By Lorry Myers
The high school event called “The Jamboree” is a night to kick off the fall sport season and recognize team players. It is a night of bounce houses and slushie machines meant entice the next generation of student athletes.
The Jamboree is the place to be.
My four-year-old granddaughter, Via, was happy to go along, anxious to see what this Jamboree was all about. I thought she would be enthralled by the cheerleaders so we strolled over and joined a group of little groupies watching the cheerleaders practice. Via’s face was expressionless when they threw each other in the air, and calmly waited until their “jamboree” was over before she turned and ask if their mothers knew they were showing their underwear.
You can count on Via to ask the hard questions.
We walked the stadium ramp to take our seats, and that took us through the “band section” of the stadium. Seated on the bleachers were band instruments shining in the sunlight, waiting to be played.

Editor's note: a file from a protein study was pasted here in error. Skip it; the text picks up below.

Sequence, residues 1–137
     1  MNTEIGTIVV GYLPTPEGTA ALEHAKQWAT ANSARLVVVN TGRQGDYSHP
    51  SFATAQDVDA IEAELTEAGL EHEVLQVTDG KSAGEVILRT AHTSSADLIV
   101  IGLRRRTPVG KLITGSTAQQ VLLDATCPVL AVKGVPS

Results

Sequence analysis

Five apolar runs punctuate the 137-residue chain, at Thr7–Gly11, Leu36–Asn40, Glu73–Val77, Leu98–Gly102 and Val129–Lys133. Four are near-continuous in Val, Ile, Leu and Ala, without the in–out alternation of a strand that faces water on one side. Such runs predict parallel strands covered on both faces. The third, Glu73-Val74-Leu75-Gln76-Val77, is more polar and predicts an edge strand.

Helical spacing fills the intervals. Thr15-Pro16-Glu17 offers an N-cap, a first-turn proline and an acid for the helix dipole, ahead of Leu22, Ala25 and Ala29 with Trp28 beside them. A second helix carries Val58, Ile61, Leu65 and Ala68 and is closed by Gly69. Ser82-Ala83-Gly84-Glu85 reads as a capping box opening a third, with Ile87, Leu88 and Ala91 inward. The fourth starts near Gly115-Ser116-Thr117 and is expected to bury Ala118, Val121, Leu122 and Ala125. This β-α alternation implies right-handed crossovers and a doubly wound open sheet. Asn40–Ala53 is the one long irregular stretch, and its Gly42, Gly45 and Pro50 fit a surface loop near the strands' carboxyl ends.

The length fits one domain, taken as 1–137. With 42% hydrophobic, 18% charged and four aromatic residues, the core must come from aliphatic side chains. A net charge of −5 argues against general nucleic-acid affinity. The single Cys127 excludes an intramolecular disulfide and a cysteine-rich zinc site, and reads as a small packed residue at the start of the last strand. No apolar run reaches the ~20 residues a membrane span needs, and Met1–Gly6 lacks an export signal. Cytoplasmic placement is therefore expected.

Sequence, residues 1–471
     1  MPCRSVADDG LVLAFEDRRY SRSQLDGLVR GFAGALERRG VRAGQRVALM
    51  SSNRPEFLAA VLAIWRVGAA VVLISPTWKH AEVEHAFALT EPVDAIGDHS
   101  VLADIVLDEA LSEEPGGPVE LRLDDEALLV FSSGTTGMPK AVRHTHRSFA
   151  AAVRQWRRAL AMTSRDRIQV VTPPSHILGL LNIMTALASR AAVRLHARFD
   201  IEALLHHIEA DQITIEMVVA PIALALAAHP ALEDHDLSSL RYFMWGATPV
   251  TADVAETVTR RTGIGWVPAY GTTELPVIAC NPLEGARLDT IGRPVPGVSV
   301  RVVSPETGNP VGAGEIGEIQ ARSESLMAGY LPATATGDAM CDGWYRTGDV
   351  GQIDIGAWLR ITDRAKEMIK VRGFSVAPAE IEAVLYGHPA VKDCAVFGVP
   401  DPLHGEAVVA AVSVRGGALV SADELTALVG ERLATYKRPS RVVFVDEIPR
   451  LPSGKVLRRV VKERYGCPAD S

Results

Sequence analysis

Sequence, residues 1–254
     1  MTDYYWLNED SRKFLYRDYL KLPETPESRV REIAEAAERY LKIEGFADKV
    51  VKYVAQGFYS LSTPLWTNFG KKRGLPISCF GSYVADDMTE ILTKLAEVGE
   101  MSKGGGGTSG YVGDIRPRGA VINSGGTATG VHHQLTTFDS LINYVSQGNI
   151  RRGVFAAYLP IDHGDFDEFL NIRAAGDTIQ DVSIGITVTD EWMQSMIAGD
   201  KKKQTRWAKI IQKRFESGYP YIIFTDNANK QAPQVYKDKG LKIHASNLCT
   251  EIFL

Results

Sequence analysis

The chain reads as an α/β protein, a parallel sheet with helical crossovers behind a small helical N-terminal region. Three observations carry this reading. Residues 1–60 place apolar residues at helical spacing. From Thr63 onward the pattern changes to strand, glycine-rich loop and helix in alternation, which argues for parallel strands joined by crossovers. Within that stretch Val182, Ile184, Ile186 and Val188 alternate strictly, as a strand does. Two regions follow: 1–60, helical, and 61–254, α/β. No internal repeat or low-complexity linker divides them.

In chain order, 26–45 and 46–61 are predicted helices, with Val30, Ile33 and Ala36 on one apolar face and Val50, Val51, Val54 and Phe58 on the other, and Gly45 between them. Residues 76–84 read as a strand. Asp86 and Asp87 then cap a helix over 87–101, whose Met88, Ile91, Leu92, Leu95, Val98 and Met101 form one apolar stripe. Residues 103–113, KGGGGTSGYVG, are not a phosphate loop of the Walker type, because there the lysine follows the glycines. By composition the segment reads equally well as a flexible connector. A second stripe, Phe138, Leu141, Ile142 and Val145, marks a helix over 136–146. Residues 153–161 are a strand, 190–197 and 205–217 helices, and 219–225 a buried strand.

Via stopped in her tracks.
“What are these?” Via asked reaching out a finger to touch a silver flute. Beside the flute was a clarinet, a trumpet, and a single, simple triangle, with a solid black cord.
My granddaughter stood in front of those band instruments, oblivious to the world around her. Her curiosity finally took over and she slowly reached out to touch the pretty pipe with all the buttons. I was about to catch her hand when the flute owner suddenly appeared with a scowl, and snatched the flute away, leaving Via with her head bowed as if she had done something wrong.
Then, this happened.
“Would you like to see this triangle?” a young girl asked, appearing out of nowhere. “Want me to show you how it works?” Without waiting for an answer, Via’s new friend picked up the triangle and the metal beater beside it and lightly touched the two together.
You could see in that moment, in those bleachers, in that crowd, Via’s world changed.
“Do it again!” Via exclaimed, her face full of wonder. Once more, the triangle and beater came together and then, that sweet brown-haired girl ask Via a life changing question.
“Would you like to try?”
Oh boy would she.
Via held that triangle like it was a gift, and lightly tapped it like she had been shown. Then, she beamed as the sound float through the air. “Is this a jamboree?” Via asked, when the triangle had stopped trembling.
For the complete column, see this week’s edition of the Centralia Fireside Guard